Either way, eventually, the market reaches equilibrium, a point at which the demand is pretty equal to the supply.
Allowing WoW Tokens to be used for Battle.net balance creates new demand for tokens. There are some players in WoW with lots of gold who have considerable excess even after paying for their subscriptions with tokens. There is a limit on the amount of subscription any player can use, and that amount of tokens doesn’t make a dent in the gold hoards held by some players. Now, assuming those players want to buy stuff in other Blizzard games, they have incentive to buy a lot more tokens.
That suggests this change should result in a permanent increase in price for tokens. But how many of these people are there? And how much Battle.net balance do they want? And how many more people can be tempted to pay money for gold? Those are the big questions, and each one impacts the economy of these games.
Players in the other Blizzard games are likely to see some changes, but of a much less drastic nature. Hearthstone, Overwatch and Heroes of the Storm all have in-game currencies and economies, but these currencies are only used to buy items from Blizzard; players don’t trade with each other.
In HotS and Overwatch, players may just see more fancy cosmetic skins in their games. In Hearthstone, giving a bunch of players a new way to buy cards may result in seeing more complete decks at lower ranks of the ladder, but many of the “meta” decks are already inexpensive.
Prices might still be high
Prices of WoW Tokens have increased steadily since the feature launched in 2015, but that is a function of the declining value of gold rather than the increasing value of a token.
Throughout the Warlords of Draenor expansion, players with a lot of active garrisons were earning huge amounts of gold passively through garrison missions, and all that wealth sloshing around has inflated the economy. It’s an issue that’s still causing Blizzard to struggle, as we’re seeing with this change.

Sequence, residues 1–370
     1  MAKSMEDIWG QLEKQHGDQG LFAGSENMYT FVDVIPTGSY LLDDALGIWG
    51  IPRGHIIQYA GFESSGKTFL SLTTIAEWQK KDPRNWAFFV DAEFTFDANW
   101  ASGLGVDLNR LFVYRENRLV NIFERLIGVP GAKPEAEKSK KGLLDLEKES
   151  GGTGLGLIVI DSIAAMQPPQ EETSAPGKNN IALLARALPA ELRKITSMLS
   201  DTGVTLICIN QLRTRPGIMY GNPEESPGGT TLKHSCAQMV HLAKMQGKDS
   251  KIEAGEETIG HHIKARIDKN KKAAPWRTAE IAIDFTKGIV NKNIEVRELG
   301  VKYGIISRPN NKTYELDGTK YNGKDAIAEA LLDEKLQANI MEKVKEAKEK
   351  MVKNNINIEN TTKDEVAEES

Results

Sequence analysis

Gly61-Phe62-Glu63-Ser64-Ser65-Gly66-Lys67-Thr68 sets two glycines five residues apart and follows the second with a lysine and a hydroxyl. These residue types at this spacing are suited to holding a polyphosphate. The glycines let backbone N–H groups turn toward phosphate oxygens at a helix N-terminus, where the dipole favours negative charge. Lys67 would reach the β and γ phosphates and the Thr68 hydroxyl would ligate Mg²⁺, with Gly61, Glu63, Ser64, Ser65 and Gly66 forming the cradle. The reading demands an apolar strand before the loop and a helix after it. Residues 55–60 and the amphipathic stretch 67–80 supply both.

Gold in WoW has value based on the time it takes a player to earn it. The various methods of farming gold, such as growing herbs, yield maybe 20,000 gold per hour. That means at a price of 100,000 gold, a token represents about five hours of grinding, or offers a wage of $3 per hour. The idea of gold being worth a certain amount per hour is a useful way of framing this discussion, in fact.
How many hours will players grind for a token now worth $15? On the Chinese and European servers — which include Eastern European countries where minimum wages are less than the equivalent of $2 per hour — there are plenty of people willing to sell their time for these prices. There is more of a question of relative value in North America, where players tend to value their time more highly relative to subscription costs.
One useful data point is the cost of gold from illicit services. The WoW Token has taken a bite from their business, but these people are still out there, botting trade goods and stealing and pillaging accounts despite Blizzard’s continuing attempts to ban cheating accounts and confiscate illegal gold. The going rate for gold from these outfits is about $15 per 100,000 gold.
That means, if real players value their time at least as much as gold-sellers value a bot’s time, tokens should never be as cheap as illegal gold. But if it becomes as cheap to buy gold from other players than it is to buy it from gold-sellers, the players who patronize illegal services will switch to tokens. That means more tokens in the market, and therefore, lower prices, so the gold-seller price should impose a ceiling on WoW Token prices.
Further, players with large stashes of gold are currently converting all their in-game wealth into Battle.net balance right now, which is likely pushing prices up. Some of these players have lots of gold income from expansive auction-house rackets, and these players may keep buying tokens … but many of them are just liquidating the stashes they earned from their Draenor garrisons.
Once this wave of demand works its way through the market, the price of a token is likely to come down a bit.
There’s no way to know for sure
It seems likely that price uncertainty and a short-term rush to convert gold into Battle.net balance is pushing WoW Tokens to higher gold prices than they will ultimately become when demand plateaus. But it’s going to be an interesting ride to that eventuality.
If the new Battle.net balance has given rich players a new incentive to liquidate, and the spiking prices are a result of them trying to sell all their gold at once? Prices for tokens could settle much lower once that stash of gold has been depleted. This seems likely, because there’s a compelling new reason to sell gold, but no new reason to buy it. Blizzard has a good way to drain those gold reserves from the market.
But since the WoW Token interface provides so little information about the volume of buyers and sellers, and since we don’t know who is driving the price fluctuations, it is impossible to tell for sure. This is an interesting experiment, and it’s going to impact much more than World of Warcraft.
Daniel Friedman is the Edgar award-nominated author of Don’t Ever Get Old, Don’t Ever Look Back and Riot Most Uncouth. He lives in New York City.